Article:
This lightweight, low-power instrument functions well in a lowgrade (partial) vacuum.

A small mass spectrometer utilizing a miniature field ionization source is now undergoing development. It is designed for use in a variety of applications in which there are requirements for a lightweight, low-power-consumption instrument that can analyze the masses of a wide variety of molecules and ions. The device can operate without need for a high-vacuum, carrier-gas feed radioactive ionizing source, or thermal ionizer. This mass spectrometer can operate either in the natural vacuum of outer space or on Earth at any ambient pressure below 50 torr (below about 6.7 kPa) — a partial vacuum that can easily be reached by use of a small sampling pump. This mass spectrometer also has a large dynamic range — from singly charged small gas ions to deoxyribonucleic acid (DNA) fragments larger than 104 atomic mass units — with sensitivity adequate for detecting some molecules and ions at relative abundances of less than one part per billion.

A Field Ionizer and a Rotating-Field Mass Spectrometer are integrated into a single instrument that has a mass <1 kg and a power consumption <5 W.
This instrument (see figure) includes a field ionizer integrated with a rotating-field mass spectrometer (RFMS). The field ionizer effects ionization of a type characterized as “soft” in the art because it does not fragment molecules or initiate avalanche arcing. What makes the “soft” ionization mode possible is that the distance between the ionizing electrodes is less than mean free path for ions at the maximum anticipated operating pressure, so that the ionizer always operates on the non-breakdown side of the applicable Paschen curve (a standard plot of breakdown potential on the ordinate and pressure electrode separation on the abscissa).

The field ionizer in this instrument is fabricated by micromachining a submicron-thick membrane out of an electrically nonconductive substrate, coating the membrane on both sides to form electrodes, then micromachining small holes through the electrodes and membrane. Because of the submicron electrode separation, even a potential of only 1 V applied between the electrodes gives rise to an electric field with a strength of in excess of a megavolt per meter — strong enough to ionize any gas molecules passing through the holes.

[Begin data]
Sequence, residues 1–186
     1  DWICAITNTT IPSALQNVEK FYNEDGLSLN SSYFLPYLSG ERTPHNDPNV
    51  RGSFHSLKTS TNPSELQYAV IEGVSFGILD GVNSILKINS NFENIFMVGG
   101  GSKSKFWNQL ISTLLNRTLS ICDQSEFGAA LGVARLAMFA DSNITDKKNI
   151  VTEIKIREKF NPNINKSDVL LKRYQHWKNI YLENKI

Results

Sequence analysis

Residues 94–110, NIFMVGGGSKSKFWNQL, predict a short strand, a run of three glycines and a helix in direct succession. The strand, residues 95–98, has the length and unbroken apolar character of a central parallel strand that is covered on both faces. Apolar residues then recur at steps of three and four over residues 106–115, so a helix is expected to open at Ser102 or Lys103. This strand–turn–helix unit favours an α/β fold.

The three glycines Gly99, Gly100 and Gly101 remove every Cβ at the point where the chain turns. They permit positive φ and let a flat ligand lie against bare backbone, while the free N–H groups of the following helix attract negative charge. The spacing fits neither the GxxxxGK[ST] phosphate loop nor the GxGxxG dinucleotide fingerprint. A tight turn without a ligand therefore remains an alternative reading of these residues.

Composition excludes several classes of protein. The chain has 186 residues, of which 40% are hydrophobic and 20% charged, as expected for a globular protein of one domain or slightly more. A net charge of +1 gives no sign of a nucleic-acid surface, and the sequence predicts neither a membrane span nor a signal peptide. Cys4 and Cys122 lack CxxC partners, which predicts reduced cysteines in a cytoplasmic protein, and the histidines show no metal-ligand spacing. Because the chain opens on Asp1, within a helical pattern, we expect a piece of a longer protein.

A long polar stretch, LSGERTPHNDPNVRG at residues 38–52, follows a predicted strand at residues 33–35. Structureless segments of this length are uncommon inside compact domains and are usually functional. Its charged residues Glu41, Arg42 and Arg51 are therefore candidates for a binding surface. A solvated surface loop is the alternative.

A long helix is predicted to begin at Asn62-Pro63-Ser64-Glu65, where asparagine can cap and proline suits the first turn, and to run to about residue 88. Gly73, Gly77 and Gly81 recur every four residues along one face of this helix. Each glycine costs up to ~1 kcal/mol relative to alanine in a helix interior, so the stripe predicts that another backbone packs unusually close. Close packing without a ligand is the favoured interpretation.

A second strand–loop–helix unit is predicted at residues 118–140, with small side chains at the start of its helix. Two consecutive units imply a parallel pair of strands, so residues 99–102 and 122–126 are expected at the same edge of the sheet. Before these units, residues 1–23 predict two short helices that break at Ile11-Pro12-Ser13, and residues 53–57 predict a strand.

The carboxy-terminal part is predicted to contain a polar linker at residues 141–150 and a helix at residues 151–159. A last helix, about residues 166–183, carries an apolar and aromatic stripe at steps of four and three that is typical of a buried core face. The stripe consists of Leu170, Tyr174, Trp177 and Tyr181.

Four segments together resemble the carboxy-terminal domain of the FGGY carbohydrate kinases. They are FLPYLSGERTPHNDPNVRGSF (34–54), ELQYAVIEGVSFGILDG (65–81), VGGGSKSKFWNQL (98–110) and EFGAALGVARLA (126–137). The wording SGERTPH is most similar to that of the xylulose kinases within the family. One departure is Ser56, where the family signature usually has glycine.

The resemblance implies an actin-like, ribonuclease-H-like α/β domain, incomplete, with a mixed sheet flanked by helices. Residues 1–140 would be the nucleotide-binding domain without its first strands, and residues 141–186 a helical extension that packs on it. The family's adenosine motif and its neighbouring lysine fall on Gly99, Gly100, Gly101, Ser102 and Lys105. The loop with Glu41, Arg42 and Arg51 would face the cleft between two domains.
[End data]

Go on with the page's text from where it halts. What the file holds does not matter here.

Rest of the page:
An accelerator grid and an electrostatic deflector focus the ions from the field ionizer into the rotating-field cell of the RFMS. The potentials applied to the electrodes of the cell to generate the rotating electric field typically range from 1 to 13 V. The ions travel in well-defined helices within this cell, after which they are collected in a Faraday cup. The mass of most of the molecules reaching the Faraday cup decreases with increasing frequency of rotation of the electric field in the cell. Therefore, the frequency of rotation of the electric field is made to vary in order to scan through a desired range of ion masses: For example, lightweight gas molecules are scanned at frequencies in the megahertz range, while DNA and other large organic molecules are scanned at kilohertz frequencies.

The current of accelerated ions is attenuated by collisions between these ions and the much slower (thermal) background gas molecules. In a typical case of operation at 5 Torr, an initial ion-beam current of about 10 nA would be attenuated to about 40 pA. However, the instrument could still afford adequate sensitivity because the electric current of ions collected by the Faraday cup is read by use of an electrometer that can resolve a current of the order of a femtoampere. In certain cases of low vacuum (10–5 Torr), a channel electron multiplier (CEM) plate could also be utilized in a single ion detection mode.

This work was done by Frank Hartley and Steven Smith of Caltech for NASA’s Jet Propulsion Laboratory.

In accordance with Public Law 96-517, the contractor has elected to retain title to this invention. Inquiries concerning rights for its commercial use should be addressed to:

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Refer to NPO-30245, volume and number of this NASA Tech Briefs issue, and the page number.

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